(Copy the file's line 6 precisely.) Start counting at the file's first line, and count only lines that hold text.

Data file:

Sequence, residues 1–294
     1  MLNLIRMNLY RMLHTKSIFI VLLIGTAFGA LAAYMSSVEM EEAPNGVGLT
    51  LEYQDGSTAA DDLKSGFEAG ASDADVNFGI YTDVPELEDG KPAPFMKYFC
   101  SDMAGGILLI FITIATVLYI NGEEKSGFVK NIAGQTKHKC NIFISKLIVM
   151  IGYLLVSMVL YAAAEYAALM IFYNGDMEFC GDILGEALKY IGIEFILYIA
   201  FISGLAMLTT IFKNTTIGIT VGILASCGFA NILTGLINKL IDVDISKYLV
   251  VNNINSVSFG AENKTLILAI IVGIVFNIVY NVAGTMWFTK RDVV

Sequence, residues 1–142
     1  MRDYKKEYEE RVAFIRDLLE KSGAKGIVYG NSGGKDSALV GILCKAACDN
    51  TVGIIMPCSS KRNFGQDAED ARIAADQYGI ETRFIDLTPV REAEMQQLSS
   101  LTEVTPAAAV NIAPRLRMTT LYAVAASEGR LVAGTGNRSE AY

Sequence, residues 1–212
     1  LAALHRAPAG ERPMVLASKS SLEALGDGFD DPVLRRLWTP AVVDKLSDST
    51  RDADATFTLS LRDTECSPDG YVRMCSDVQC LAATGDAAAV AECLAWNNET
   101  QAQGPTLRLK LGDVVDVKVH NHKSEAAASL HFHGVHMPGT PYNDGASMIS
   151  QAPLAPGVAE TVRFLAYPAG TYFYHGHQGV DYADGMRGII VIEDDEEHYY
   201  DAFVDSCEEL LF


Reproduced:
   201  FISGLAMLTT IFKNTTIGIT VGILASCGFA NILTGLINKL IDVDISKYLV